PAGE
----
New round of nuclear talks agreed with Iran
Netanyahu argued that if Iran obtains the bomb it could set off a regional nuclear arms race
World powers have agreed to a new round of talks with Iran just hours after the Israeli Prime Minister, Benjamin Netanyahu, appeared to signal that a new war in the Middle East was inevitable.
He warned that time was running out to stop Tehran from acquiring nuclear weapons.
The EU's foreign policy chief, Catherine Ashton, said yesterday that she had accepted an invitation from Saeed Jalili, Iran's chief negotiator, to talks on behalf of six world powers at a date and venue to be decided. Iran has also agreed to allow UN inspectors to visit a suspected nuclear weapons testing site known as Parchin.
The news came as David Cameron claimed that Iran wanted to build an "intercontinental nuclear weapon," as he warned Tehran that it needed to adopt a "big change" in its strategic thinking to avert conflict. After being briefed for an hour by the UK's national security adviser, he said of the option of using military action: "Nothing is off the table."
The renewal of negotiations over Iran's nuclear programme marks the first substantive contacts with the West since talks collapsed more than a year ago, and offer a glimmer of hope that intensifying international pressure on Iran is having an effect.
It could also afford Washington some leverage to restrain Israel from launching a pre-emptive strike on Iran's nuclear sites, a prospect that appeared increasingly likely this week after Mr Netanyahu raised the threat of a second Holocaust at the hands of a nuclear Iran.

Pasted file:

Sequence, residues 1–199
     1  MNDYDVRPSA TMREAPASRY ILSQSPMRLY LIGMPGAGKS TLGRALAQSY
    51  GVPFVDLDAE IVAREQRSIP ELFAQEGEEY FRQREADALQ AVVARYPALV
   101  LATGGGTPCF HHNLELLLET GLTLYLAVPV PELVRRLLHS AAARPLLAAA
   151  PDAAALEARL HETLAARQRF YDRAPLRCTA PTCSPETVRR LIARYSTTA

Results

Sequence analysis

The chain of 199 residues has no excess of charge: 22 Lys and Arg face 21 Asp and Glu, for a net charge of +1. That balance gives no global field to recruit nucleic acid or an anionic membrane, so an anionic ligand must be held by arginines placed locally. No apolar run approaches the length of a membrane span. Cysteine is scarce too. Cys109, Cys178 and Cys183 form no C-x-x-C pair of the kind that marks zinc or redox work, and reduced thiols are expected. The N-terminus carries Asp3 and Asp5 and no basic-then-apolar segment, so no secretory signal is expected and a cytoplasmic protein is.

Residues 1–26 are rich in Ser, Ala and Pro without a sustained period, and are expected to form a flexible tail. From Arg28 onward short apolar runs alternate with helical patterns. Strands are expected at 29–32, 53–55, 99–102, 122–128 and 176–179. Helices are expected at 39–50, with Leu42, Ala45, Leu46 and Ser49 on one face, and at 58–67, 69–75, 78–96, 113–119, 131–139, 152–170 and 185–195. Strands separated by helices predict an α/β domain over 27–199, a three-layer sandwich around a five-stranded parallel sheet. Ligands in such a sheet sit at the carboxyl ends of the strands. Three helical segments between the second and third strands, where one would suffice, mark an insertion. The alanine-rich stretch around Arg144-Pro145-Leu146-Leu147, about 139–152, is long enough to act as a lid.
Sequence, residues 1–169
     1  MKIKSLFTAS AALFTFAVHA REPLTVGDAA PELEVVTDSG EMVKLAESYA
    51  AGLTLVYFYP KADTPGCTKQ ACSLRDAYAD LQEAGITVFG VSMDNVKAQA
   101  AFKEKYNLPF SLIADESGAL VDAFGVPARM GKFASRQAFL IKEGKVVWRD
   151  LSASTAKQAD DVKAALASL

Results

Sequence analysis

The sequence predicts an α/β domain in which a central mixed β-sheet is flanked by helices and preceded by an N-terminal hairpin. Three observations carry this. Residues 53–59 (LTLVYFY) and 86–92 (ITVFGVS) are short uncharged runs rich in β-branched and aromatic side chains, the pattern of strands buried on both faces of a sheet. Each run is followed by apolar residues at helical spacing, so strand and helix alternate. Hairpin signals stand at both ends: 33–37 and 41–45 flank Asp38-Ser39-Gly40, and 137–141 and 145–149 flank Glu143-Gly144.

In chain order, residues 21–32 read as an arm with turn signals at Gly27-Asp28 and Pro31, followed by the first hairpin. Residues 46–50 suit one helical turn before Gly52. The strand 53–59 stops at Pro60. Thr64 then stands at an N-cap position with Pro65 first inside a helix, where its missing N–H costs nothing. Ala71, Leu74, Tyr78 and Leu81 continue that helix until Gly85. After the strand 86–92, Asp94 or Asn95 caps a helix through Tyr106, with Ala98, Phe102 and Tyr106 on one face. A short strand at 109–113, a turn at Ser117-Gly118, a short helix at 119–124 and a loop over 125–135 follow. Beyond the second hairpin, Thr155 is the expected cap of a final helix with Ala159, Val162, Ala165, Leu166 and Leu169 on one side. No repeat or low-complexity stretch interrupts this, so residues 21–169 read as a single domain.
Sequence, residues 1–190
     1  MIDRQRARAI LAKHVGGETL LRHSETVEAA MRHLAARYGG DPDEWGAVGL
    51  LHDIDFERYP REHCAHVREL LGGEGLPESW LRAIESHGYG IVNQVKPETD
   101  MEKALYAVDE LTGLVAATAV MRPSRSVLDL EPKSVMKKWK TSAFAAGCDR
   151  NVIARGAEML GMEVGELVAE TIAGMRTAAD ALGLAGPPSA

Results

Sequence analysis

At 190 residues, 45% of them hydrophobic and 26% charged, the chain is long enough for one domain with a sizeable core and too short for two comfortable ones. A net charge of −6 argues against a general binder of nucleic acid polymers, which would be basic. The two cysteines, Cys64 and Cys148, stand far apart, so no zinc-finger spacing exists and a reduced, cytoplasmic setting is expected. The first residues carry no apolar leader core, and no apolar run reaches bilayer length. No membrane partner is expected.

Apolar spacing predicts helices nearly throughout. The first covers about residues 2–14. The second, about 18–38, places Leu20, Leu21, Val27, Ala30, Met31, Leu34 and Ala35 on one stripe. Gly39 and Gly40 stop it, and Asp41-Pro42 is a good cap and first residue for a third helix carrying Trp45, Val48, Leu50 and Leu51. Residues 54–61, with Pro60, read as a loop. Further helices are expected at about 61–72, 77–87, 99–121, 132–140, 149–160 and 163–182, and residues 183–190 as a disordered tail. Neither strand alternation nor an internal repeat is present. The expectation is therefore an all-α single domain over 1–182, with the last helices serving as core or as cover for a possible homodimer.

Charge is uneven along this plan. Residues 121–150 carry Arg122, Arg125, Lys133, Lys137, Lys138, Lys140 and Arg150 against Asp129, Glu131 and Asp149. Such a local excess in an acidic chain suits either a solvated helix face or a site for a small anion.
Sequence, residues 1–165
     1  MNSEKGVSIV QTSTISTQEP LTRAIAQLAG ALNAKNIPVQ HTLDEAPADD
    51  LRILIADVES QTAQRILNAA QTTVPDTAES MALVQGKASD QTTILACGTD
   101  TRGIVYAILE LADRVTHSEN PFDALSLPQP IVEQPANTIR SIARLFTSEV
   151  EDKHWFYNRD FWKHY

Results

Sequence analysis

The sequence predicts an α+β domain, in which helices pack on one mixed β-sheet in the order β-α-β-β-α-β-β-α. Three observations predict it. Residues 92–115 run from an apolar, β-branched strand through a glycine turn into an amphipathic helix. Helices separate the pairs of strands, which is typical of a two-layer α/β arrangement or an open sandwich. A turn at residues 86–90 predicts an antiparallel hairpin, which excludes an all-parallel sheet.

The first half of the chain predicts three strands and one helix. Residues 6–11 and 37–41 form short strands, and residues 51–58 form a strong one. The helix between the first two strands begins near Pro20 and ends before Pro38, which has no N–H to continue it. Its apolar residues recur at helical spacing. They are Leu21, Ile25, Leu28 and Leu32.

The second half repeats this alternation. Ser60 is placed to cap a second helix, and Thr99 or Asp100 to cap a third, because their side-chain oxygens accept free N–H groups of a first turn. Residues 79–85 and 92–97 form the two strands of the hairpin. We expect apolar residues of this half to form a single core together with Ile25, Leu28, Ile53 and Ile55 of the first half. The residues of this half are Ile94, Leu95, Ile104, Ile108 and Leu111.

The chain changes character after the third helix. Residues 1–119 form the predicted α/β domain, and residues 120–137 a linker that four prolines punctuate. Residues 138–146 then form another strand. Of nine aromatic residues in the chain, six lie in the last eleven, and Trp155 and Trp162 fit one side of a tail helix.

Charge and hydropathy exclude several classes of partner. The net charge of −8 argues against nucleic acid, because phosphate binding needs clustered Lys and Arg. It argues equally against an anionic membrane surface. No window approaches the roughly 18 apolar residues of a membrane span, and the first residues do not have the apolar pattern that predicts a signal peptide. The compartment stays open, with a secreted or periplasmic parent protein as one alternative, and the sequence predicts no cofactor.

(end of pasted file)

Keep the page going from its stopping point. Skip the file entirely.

Baroness Ashton, representing Britain, the United States, France, Germany, China and Russia, said she hoped that Iran "will now enter into a sustained process of constructive dialogue which will deliver real progress in resolving the international community's long-standing concerns on its nuclear programme".
William Hague, the Foreign Secretary, welcomed the development, but warned that the West would not ease the international pressure on Iran until it proved that its nuclear programme is "exclusively peaceful". Iran has long maintained that its nuclear research is for civilian, not military, purposes.
During a tense meeting in the White House this week, President Barack Obama again attempted to dissuade Israel's hawkish premier from a premature strike on Iran, asking that he allow time for sanctions to work.
But although Israel has not yet made the decision on whether to strike, Mr Netanyahu made it clear in an address to the American Israel Public Affairs Committee, the powerful pro-Israel lobby group, that its patience was running thin.
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